This blog post was originally written by Aditi Satam and Thomas Cantwell.

Trusted Platform Module (TPM) is a standard for a secure crypto-processor. The TPM chip secures the hardware platform by integrating the cryptographic keys onto the server. These can then be decrypted only by the TPM. Thus, it provides platform integrity, disk encryption and enforcement of software licenses, along with other benefits.

Dell PowerEdge Servers currently support TPM version 1.2, but will soon offer the newest TPM version – TPM 2.0. Now that we will have two different versions of the TPM, knowing how to quickly identify the versions of TPM in your datacenter, may prove useful.

The TPM Management GUI displays the version (see below) under ‘Specification Version’ in Windows Server 2012 R2 (and other Windows OS). But, how can you get this information via command-line (and thus, script something) to get this information from multiple servers?

Can we get the right information via PowerShell? The simplest cmdlet is “Get-Tpm”. This returns a lot of useful information, such as Manufacturer version but it does not display the TPM version.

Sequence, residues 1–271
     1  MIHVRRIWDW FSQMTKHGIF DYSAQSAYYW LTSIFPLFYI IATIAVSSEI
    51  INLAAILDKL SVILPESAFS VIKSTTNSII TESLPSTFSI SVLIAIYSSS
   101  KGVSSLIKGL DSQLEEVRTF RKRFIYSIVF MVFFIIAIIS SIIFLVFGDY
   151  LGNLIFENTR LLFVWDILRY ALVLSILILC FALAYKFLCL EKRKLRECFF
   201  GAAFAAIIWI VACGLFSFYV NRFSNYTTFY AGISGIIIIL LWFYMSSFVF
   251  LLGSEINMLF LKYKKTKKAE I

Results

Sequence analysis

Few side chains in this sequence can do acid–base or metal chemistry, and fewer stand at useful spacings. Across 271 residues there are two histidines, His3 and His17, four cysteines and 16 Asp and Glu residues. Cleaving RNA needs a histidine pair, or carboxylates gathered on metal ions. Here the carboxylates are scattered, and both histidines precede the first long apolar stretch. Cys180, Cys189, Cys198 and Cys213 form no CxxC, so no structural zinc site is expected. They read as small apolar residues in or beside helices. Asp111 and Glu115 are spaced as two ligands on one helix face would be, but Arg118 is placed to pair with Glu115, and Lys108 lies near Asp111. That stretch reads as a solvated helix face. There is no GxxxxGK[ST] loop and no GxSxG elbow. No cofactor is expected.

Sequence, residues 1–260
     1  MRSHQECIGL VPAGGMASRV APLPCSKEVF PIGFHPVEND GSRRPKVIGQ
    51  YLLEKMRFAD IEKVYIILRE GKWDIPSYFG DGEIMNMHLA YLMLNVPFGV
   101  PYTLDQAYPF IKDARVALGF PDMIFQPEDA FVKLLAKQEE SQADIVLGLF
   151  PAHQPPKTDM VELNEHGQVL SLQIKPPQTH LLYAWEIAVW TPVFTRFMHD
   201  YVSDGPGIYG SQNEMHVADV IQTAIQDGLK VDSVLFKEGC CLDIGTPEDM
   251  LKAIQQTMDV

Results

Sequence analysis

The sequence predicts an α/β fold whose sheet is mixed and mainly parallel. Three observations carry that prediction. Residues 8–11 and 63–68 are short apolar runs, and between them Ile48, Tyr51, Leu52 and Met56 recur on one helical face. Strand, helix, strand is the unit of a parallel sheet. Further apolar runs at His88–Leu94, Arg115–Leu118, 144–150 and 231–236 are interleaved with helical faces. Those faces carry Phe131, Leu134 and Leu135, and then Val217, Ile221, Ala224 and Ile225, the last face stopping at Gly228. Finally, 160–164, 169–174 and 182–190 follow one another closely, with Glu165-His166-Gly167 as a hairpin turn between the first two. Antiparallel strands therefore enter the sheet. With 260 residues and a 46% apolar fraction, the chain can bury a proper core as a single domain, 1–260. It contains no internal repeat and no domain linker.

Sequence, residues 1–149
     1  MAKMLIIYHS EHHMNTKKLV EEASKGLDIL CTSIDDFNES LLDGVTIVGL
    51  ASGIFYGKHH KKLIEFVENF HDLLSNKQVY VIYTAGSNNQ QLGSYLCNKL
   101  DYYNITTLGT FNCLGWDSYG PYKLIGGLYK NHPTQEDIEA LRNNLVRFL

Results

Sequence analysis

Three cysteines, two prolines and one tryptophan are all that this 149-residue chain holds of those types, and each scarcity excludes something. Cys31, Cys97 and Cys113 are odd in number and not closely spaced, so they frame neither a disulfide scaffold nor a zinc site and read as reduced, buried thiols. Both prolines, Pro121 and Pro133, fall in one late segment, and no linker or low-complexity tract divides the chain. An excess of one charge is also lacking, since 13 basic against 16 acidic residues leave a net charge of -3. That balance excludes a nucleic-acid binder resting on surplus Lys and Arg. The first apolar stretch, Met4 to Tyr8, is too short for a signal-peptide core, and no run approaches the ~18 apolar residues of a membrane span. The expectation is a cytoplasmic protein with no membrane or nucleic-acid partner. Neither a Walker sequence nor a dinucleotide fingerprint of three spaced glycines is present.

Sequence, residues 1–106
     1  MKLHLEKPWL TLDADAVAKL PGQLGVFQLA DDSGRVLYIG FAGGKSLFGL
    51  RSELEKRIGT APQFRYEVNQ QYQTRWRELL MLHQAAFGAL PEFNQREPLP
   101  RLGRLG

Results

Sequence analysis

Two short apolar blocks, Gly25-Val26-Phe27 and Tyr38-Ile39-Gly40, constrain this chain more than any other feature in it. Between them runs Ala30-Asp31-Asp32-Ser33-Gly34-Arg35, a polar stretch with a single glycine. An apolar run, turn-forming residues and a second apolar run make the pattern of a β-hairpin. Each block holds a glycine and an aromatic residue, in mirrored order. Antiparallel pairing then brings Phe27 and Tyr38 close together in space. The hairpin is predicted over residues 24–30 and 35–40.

To get this information, you need to run a more complex WMI query to the TPM class as mentioned in the figure below. The spec version (in PowerShell, it is called “SpecVersion”) of the TPM is value to pay attention to.

For example, in the TPM 1.2 output below, the version information of "1.2, 2, 3" indicates that the device was implemented to TCG specification version 1.2, revision level 2, and errata 3.

The Command to run is as follows:

Get-WMIObject –class Win32_Tpm –Namespace root\cimv2\Security\MicrosoftTpm

The following link covers the Win32_Tpm class in depth:

TPM 1.2 output:


TPM 2 output:

You now have a way to verify the TPM specification version from either the GUI, or PowerShell. Datacenters have TPM 1.2 today, and will start carrying a mix of TPM versions once TPM 2 begins shipping, so you can manage this important security resource.